Kris Jenner ‘Art Shamed’ Khloe Kardashian for Not Recognizing a Jeff Koons. The Irony? It’s Not Even a Jeff Koons!

A little sleuthing suggests that there's more than enough art shame to go around at the Kardashian household.

Kris Jenner and Khloe Kardashian. Image courtesy E!.
Kris Jenner and Khloe Kardashian. Image courtesy E!.

“Shame” is not a word that you particularly associate with the Kardashian clan. Yet a recent episode of Keeping Up With the Kardashians has launched the term “art shaming” into the lexicon, stemming from a now-famous interchange where mom/manager Kris Jenner schools her daughter Khloe for not recognizing the Jeff Koons sculpture on her office shelf.

“Just because I am not as knowledgeable as you, you shouldn’t turn your nose up,” Khloe says plaintively. “You should be like, ‘Khloe, well Jeff Koons is…’ instead of making me feel less-than and uneducated.”

Jenner, however, will have none of it. “I’m sorry,” she rails, “it’s a Jeff Koons: K-O-O-N-S.”

Except, ahem, the sculpture on Kris’s shelf is not a Jeff Koons.

Jeff Koons sells five Balloon Dog editions. All come mounted on a mirrored plate, all are manufactured in porcelain, and all have the artist’s signature highly reflective finish. They come in five colors: blue, magenta, orange, red, and yellow.

“He’s famous for the Balloon Dog,” Jenner says in the episode, with withering self-confidence. “You need to go to, like, an art class.”

A still from the relevant episode of Keeping Up With the Kardashians.

A still from the relevant episode of Keeping Up With the Kardashians.

But… Koons isn’t the only maker of balloon dogs. There are literally dozens of balloon dog bookends, jewelry items, and tabletop sculptures floating around. The one on Jenner’s office shelf, with its snub nose and matte finish, appears decidedly similar to a painted resin version carried by Neiman Marcus from Toronto-based company Imm-Living (though it’s currently sold out)

A Koons edition can be bought for $9,000 from the online store of the Museum of Contemporary Art, Los Angeles. On its significance, the museum quotes the artist himself: “The piece has an interior life while the reflective exterior surface affirms the viewer through their reflection.”

An image of Jeff Koons, Jeff Koons: Balloon Dog (Yellow) from the MOCA online store.

An image of Jeff Koons, Jeff Koons: Balloon Dog (Yellow) from the MOCA online store.

Imm-Living’s “Big-Top Golden Balloon Dog Bookend” is $55. It’s pitch is rather less high-flown: “Bookend is shaped like a top dog—but it won’t pop or deflate!”

In fact, Koons infamously sent cease-and-desist letters in 2011, saying that these balloon dog bookends violated his copyright. The fact that they are slightly less bulbous and rendered with a matte finish was specifically mentioned by Imm-Living to argue that no person might be mislead into thinking they were buying a Koons.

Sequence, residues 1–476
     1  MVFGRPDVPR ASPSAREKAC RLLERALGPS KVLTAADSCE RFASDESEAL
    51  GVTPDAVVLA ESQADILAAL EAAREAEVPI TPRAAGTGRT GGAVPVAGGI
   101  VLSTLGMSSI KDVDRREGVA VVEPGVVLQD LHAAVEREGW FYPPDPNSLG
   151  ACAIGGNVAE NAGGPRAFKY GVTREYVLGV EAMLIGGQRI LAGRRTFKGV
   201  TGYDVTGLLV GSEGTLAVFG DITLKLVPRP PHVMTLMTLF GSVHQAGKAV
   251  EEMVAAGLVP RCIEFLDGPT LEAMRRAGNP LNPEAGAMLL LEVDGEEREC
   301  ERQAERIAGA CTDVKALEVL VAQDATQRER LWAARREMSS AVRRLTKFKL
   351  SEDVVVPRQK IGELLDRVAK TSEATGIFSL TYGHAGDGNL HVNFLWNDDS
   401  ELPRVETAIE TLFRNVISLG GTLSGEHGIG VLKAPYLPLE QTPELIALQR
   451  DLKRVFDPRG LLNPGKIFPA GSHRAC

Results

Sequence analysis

Promo image for Imm-Living’s “Big-Top Golden Balloon Dog Bookend.” Image courtesy Imm-Living.

Promo image for Imm-Living’s “Big-Top Golden Balloon Dog Bookend.” Image courtesy Imm-Living.

Also—and here’s where the real sleuthing comes in—discerning readers may have noticed that the balloon dog on Kris Jenner’s shelf is gold. Koons does not make his balloon dog in gold.

“I’m sure his 10 ½-inch balloon dog is a lot more expensive than [the Imm-Living] bookend, so how much confusion in the relevant market would there be?” Robert W. Clarida, an intellectual property lawyer, told the New York Times back in 2011.

Koons, however, appears to have known better than anyone just how aesthetically discerning his prospective fans were—even if his attempt to stop others from making balloon dogs was essentially laughed out of court. (Or laughed away from court. Amid ridicule, Koons’s lawyers backed down.)

To be fair to Jenner, she’s not exactly a high-information consumer. “My mom has not known about art for years and years,” Khloe explained to the camera during the Keeping Up With the Kardashians episode. “She’s just learning about art. Which is great. But you can’t art shame people just because they know less than you.”

We’ll leave it there.


Follow artnet News on Facebook:


Want to stay ahead of the art world? Subscribe to our newsletter to get the breaking news, eye-opening interviews, and incisive critical takes that drive the conversation forward.

Share